2. Pit stop consumption amounts. This, I think, was a big blunder on my part. ACSM recommends 30 to 60 grams (120 to 240 calories) of carbs per hour. Recent data suggest that even 90 grams (360 calories) may be tolerable (see below). I was basically getting 25 grams (100 calories) per hour. And since I “sped” out of the gate (at least compared to my usual pace), I probably could’ve used more towards the 60 gram mark. Sure, I was getting some carb-containing sports drink along the way, but not enough to really bring my total carb intake into the recommended hourly range. Most sports drinks provide roughly 50 calories / 14 grams of carbs per 8oz serving. So it’s probably a better idea to mix in a non-fluid carb source such energy gels or bars. Again, individuality plays a role in determining the amount of carbs each person needs. We come in different sizes and with different metabolic rates, so I’ll repeat myself here: Use this info as a reference point, and experiment, experiment, experiment.

Science sidebar: How mixing up sugar types benefits endurance training

Did you know that the body has a limited number of glucose transporters? Studies have shown that these specific transporters can carry only around 60 grams of carbs from the intestines to the muscles per hour. Recent research indicates that consuming as variety of sugars (ie, not just glucose) allows more fuel to become available per hour. That’s because different types of sugars (carbs) use different transporters. Generally, we consume more than just glucose when we consume quick-fuels during workouts. (Sports drinks, for example, tend to have glucose and fructose.) So, if you eat a banana which consists of sucrose, fructose, and glucose and thus uses different transporters, your muscles may have access to more fuel (up to 90 grams of carbs/hour; 360 calories) than if you consume just one kind of sugar.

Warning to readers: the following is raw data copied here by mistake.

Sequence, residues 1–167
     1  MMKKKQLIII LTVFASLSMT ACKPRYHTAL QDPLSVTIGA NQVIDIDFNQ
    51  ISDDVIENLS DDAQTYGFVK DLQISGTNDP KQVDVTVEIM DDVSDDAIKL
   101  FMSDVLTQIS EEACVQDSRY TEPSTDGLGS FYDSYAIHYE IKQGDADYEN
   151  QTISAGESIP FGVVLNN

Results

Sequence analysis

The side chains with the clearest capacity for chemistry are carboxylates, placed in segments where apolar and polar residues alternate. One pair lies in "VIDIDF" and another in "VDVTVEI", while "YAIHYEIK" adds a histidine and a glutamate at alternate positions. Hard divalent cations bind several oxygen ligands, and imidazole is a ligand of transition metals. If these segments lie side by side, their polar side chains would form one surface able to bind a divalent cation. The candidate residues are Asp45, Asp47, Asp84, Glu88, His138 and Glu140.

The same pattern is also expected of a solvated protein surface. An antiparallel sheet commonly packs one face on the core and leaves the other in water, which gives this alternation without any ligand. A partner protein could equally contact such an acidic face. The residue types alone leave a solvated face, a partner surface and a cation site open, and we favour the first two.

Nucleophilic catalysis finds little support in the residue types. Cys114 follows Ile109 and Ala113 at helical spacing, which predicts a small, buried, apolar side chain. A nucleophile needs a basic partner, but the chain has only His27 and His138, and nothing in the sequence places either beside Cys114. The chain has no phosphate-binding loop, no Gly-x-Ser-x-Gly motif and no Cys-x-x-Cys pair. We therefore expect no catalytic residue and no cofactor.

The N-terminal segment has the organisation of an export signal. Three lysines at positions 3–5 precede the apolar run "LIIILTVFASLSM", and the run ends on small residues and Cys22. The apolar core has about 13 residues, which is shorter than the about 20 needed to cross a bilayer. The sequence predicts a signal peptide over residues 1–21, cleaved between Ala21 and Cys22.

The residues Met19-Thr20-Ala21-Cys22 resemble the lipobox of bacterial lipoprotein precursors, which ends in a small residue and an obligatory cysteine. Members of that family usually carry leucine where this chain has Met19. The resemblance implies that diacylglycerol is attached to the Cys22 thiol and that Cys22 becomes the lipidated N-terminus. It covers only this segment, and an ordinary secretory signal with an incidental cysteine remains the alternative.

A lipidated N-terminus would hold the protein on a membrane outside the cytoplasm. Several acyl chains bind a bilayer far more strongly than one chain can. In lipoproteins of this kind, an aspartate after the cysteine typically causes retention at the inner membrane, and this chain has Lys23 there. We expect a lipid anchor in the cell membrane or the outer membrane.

Choosing the Right Quick Fuel for YOU